HUDGINS, TEXAS. Hudgins (Hudgins Settlement) is near the site of the Robert H. Williams plantation in a section of the rich Caney Creek bottomlands once known as plantation row, a mile north of Farm Road 457 and eight miles east of Bay City in east central Matagorda County. The largely black community grew up around land purchased by Jeno (Jno) Hudgins, a freed slave originally from Virginia, who bought the land at twenty-five dollars an acre in 1874. A local history reports that the site may once have been a stop on the Hawkinsville Tap of the New York, Texas and Mexican Railway, which built through the area between 1901 and 1903 and was closed by 1932. By 1952 the Hudgins cemetery, the nearby Pleasant Green cemetery, and a number of widely scattered dwellings remained in the area on an unpaved road. In 1990 the Hudgins settlement still had a number of houses and the cemeteries.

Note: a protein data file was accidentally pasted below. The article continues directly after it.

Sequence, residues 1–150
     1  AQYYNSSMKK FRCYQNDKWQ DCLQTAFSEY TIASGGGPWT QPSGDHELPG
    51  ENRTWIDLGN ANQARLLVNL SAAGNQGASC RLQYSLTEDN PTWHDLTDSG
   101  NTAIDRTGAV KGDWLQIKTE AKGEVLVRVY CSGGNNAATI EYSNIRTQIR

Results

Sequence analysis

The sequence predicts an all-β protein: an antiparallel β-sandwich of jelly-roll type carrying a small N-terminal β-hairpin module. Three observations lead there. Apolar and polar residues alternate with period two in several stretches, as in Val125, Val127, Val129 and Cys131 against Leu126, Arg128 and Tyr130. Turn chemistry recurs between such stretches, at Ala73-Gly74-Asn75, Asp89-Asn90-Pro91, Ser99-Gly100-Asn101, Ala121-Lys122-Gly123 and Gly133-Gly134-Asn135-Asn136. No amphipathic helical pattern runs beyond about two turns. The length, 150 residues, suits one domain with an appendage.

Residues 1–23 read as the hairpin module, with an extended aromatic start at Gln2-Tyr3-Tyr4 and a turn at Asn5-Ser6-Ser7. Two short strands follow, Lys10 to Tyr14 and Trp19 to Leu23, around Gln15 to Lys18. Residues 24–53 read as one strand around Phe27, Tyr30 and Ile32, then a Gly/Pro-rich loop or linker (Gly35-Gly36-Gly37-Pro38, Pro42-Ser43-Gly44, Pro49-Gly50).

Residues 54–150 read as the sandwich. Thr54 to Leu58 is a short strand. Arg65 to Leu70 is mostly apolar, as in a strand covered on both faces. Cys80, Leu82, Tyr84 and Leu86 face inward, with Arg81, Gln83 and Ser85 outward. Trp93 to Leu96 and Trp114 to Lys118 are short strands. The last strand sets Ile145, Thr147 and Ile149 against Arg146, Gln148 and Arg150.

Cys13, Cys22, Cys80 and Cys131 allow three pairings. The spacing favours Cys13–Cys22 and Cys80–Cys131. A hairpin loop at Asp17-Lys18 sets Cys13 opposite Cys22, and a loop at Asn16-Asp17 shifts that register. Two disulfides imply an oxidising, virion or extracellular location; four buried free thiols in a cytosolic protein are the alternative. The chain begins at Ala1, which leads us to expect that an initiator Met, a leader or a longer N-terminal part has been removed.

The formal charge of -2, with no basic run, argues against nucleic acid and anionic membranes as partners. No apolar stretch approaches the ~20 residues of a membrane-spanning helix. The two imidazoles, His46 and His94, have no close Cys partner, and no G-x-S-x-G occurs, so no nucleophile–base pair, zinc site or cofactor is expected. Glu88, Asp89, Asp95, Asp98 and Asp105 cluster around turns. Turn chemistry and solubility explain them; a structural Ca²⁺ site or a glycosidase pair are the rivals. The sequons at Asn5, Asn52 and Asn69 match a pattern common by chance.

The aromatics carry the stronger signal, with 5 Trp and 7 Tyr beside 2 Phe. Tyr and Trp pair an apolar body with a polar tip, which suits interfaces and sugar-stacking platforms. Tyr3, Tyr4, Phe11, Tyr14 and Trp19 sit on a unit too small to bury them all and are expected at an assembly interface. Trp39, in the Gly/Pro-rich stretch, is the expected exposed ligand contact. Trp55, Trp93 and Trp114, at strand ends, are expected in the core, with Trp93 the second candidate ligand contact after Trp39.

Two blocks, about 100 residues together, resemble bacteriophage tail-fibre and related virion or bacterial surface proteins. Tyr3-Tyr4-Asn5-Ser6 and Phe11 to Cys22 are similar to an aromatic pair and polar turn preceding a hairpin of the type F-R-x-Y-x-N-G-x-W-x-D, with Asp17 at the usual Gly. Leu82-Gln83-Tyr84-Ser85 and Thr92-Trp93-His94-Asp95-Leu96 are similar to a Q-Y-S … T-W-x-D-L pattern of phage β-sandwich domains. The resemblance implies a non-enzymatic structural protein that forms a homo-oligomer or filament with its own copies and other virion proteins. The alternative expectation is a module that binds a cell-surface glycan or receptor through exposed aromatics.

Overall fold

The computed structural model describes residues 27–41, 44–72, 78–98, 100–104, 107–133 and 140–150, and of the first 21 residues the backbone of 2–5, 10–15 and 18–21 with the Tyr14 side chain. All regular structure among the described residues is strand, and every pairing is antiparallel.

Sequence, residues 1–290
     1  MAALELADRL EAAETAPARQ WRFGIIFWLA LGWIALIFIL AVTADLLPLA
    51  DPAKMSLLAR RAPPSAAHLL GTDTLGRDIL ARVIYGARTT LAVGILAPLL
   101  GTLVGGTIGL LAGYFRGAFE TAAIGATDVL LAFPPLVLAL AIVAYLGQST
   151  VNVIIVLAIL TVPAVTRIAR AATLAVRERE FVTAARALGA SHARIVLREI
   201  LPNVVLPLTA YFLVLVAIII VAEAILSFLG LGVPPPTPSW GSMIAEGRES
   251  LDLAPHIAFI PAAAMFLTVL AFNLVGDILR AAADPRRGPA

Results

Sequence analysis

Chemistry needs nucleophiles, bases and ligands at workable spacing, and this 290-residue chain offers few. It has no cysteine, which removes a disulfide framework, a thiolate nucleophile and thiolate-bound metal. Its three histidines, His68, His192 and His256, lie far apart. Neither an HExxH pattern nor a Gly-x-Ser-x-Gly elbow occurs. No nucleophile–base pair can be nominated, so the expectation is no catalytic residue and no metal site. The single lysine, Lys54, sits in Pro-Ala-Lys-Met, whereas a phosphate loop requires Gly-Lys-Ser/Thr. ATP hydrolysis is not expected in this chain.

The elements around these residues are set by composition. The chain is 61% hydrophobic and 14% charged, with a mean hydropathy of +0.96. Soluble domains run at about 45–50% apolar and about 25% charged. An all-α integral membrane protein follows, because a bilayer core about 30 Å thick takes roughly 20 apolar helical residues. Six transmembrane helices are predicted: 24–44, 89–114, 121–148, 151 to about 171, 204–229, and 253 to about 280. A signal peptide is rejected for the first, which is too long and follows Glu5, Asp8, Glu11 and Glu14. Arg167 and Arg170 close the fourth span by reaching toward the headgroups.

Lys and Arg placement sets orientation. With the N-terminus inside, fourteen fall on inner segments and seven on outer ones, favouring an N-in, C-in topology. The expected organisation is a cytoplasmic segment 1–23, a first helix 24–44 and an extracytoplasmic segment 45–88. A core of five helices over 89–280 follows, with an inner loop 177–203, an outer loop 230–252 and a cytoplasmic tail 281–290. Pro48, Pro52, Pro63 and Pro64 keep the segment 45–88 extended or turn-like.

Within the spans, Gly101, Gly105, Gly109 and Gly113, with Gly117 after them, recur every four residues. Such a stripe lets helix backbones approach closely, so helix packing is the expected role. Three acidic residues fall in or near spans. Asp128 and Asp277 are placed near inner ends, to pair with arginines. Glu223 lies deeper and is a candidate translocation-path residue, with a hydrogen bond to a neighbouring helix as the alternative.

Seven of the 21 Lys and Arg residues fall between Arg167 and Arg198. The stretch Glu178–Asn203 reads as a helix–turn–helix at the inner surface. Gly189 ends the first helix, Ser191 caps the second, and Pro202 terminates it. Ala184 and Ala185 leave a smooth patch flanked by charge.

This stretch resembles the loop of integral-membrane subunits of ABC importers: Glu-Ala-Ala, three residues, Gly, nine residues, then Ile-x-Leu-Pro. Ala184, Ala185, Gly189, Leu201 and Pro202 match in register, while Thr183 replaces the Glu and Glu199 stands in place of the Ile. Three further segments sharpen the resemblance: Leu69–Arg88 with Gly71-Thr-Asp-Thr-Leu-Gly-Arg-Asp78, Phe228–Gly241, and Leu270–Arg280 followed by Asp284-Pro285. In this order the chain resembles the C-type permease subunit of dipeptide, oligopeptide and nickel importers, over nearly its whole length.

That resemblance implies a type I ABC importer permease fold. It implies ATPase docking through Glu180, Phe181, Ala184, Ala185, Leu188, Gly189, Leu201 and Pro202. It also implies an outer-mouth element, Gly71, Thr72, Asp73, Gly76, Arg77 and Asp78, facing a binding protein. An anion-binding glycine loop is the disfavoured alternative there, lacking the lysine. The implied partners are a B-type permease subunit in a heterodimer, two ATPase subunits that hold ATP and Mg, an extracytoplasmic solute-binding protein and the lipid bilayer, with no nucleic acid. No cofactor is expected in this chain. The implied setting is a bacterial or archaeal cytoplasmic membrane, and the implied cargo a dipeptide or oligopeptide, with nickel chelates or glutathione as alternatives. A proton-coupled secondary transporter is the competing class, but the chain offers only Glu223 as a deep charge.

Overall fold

Matagorda County Historical Commission, Historic Matagorda County (3 vols., Houston: Armstrong, 1986).
The following, adapted from the Chicago Manual of Style, 15th edition, is the preferred citation for this article.Rachel Jenkins, "HUDGINS, TX," Handbook of Texas Online (http://www.tshaonline.org/handbook/online/articles/hrh97), accessed May 29, 2015. Uploaded on June 15, 2010. Published by the Texas State Historical Association.